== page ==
The Google float seems to have gone pretty well, at least from where I’m sitting. While the dynamic duo were expecting a bit more, at US$27.2 billion, Google is now on par with General Motors. Not bad for a company that found its genesis six years ago in a college dorm room. Founders Larry Page and Sergey Brin are worth a bit over three billion each. 1,000 of its 2,300 employees have become instant millionaires.
Of course, what this means is that 1300 employees didn’t. Presumably a few years back they turned down the share options in favour of a nicely embroidered latop bag (“...don’t you suckers remember the dotcom bubble…”) You can almost hear the sound of those bags being dragged across the tarmac parking lot as their owners head to work the day after the float. Don’t be surprised if 13 out of every 23 searches you perform in the next week come back with the result “0 Matches Found – Why don’t you f*** off and Ask Jeeves.”
Google has rather famously entered the lexicon, in some cases, literally. In Pattern Recognition, William Gibson uses the verb frequently. Google’s founders aren’t particularly happy with the potential dilution of their very valuable brand, and have issued cease-and-desist letters in the past. Whether Gibbo ever got one I’m not sure, it would seem a bit odd for creators of a mere search engine to chastise the guy who predicted the modern Internet…
Before interviewing Gibson a year or so ago, I googled him as part of my research. He had 124,000 hits. I had 61. Today he has 276,000. I have 752. I’m gaining on him.
And yes, from time to time I do engage a spot of auto-Googling. It was around ten years ago I found my first search-engine. I innocently entered my name… and discovered my Nemesis. Well, when I say “nemesis”, I’m not sure he even knows I exist, but despite this, for the past decade I’ve been waging a trans-Tasman battle against a guy with the sinister-sounding moniker, Damian Christie.
Damian Christie, (if that’s your real name), is or was President of the Australian chapter of the Dr Who fan club. He’s the editor of a Dr Who fanzine. He has a lot to say in the field of science fiction generally. In short, he’s running around reinstating a reputation I’ve been trying to get rid of for the better part of two decades.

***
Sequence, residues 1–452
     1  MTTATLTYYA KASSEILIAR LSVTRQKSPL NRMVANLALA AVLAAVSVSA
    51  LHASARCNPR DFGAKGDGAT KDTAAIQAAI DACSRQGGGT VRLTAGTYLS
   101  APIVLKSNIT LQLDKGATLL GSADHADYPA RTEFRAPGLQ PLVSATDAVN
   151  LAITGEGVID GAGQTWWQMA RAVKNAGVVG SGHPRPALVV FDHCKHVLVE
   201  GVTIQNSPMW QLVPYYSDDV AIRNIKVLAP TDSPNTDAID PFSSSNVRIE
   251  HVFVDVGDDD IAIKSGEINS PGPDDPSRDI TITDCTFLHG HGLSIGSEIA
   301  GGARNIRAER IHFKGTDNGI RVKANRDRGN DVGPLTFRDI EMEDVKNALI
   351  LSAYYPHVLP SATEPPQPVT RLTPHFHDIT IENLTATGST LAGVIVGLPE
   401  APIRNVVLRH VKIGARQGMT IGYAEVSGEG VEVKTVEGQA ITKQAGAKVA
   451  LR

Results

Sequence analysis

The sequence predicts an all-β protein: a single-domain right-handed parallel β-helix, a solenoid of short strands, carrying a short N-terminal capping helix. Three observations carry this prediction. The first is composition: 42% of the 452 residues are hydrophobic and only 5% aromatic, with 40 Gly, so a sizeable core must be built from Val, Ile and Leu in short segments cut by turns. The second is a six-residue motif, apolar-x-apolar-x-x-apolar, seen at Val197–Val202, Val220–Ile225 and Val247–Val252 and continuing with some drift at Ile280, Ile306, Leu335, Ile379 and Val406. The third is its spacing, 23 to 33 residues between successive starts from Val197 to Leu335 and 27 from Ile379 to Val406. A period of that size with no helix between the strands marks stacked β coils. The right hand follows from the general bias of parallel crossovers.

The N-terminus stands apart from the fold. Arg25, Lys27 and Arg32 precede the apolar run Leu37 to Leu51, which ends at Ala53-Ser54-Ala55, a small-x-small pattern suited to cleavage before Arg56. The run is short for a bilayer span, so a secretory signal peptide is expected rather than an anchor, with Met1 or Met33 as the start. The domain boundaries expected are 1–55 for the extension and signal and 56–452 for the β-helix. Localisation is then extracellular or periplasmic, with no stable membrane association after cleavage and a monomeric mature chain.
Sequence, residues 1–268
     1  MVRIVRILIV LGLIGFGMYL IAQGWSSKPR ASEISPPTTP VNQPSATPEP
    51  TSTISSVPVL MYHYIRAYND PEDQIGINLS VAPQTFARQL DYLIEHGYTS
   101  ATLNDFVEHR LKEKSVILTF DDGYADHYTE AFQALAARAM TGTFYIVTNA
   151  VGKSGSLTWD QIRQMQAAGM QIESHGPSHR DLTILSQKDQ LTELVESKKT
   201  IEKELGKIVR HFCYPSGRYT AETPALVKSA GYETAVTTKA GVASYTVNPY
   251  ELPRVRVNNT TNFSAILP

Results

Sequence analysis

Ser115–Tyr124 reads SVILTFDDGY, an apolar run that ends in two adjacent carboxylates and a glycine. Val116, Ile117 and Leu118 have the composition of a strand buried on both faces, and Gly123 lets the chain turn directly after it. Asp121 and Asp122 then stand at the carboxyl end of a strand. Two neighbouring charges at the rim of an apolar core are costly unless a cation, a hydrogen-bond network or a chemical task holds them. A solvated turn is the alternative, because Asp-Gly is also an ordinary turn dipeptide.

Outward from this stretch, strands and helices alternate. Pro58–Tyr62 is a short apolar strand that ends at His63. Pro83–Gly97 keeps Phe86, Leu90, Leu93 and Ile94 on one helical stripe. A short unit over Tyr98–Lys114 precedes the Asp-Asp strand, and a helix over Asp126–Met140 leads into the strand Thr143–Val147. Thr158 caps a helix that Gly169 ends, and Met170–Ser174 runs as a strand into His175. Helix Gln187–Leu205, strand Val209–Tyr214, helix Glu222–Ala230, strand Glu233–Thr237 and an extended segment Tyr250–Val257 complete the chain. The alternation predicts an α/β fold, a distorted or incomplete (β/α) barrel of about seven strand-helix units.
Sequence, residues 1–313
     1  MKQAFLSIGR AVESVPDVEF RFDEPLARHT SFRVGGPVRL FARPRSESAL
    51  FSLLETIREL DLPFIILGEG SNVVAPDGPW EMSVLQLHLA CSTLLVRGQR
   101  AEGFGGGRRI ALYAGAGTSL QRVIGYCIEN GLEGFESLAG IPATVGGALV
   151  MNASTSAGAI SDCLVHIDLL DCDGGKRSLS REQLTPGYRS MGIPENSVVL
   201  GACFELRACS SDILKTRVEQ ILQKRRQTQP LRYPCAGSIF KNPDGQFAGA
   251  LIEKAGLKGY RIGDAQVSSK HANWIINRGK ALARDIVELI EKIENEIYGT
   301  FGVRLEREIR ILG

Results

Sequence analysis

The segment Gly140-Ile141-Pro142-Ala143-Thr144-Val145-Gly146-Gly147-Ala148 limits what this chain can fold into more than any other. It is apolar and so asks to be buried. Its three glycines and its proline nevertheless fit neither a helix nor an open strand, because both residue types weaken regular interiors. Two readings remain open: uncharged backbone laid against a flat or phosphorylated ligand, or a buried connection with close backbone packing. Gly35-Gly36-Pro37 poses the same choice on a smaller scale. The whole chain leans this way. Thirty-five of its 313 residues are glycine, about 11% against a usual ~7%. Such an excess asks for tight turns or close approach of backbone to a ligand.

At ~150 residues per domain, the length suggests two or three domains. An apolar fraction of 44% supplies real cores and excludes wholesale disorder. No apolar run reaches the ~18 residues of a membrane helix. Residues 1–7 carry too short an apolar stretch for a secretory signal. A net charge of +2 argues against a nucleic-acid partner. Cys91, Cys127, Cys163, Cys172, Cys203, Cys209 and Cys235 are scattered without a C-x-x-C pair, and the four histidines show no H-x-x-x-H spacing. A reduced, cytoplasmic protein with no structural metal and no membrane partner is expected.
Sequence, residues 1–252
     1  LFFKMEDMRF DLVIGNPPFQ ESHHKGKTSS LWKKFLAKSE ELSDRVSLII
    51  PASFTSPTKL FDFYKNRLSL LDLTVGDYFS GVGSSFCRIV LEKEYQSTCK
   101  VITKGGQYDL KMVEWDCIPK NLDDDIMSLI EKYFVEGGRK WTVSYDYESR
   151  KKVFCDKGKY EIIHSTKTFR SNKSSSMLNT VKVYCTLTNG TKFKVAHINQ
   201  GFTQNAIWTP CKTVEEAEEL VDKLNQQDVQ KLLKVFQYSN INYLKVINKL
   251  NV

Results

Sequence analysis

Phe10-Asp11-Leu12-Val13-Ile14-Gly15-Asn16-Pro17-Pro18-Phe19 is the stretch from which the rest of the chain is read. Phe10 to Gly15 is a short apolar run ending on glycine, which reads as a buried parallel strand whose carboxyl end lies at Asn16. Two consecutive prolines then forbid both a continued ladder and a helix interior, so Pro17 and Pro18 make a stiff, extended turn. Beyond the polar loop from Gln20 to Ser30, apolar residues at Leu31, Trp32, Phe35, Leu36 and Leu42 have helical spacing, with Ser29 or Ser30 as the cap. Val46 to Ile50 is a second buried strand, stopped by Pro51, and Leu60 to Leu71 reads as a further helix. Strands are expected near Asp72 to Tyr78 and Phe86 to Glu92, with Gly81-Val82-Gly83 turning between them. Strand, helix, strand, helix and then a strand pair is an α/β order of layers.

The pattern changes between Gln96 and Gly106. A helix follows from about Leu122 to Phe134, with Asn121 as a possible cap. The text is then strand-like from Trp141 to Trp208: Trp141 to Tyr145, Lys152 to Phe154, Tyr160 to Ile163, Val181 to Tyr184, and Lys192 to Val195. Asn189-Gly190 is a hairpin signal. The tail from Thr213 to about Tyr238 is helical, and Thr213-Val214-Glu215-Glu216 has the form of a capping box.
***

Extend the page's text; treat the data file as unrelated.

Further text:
Recently, thanks to on-line outlets like publicaddress, the Listener, bFM etc., I’m winning the battle – the battle he probably doesn’t even know the two of us are fighting. Each time I check in on him/us, there’s less of him and more of me, kinda like that scene from Back to the Future, where Michael J Fox checks the fading family photo as the band plays 'Earth Angel'.
I find Google Ads a bit odd. In case you don’t know, they’re the text sensitive little boxes down the right hand side of this page. While the Google search engine works pretty well, Google ads are still an imprecise science. A blog I wrote about smokers’ rights prompted anti-smoking ads and invitations to buy hand-cut bohemian crystal. I’m hoping this post will send Google Ads into a self-referential logic loop, causing it to fry its circuit board. Not unlike what Matthew Broderick did to the NORAD computer at the end of the excellent 1983 film War Games.
Shit, now I'm talking like the other Damian Christie.
There are however many opportunities for amusement to be had from this Google Ad randomness. The best example I’ve seen yet came from a discussion about a certain policy leaving a politician in a difficult position. Google Ads recommended I purchase the new and improved Karma Sutra.
Do readers have any funny Google Ad stories they’d wish to share with Cracker? Send in clippings to:
Over the Teacups
The first correct entry will* win this used Parker Pen & Pencil set.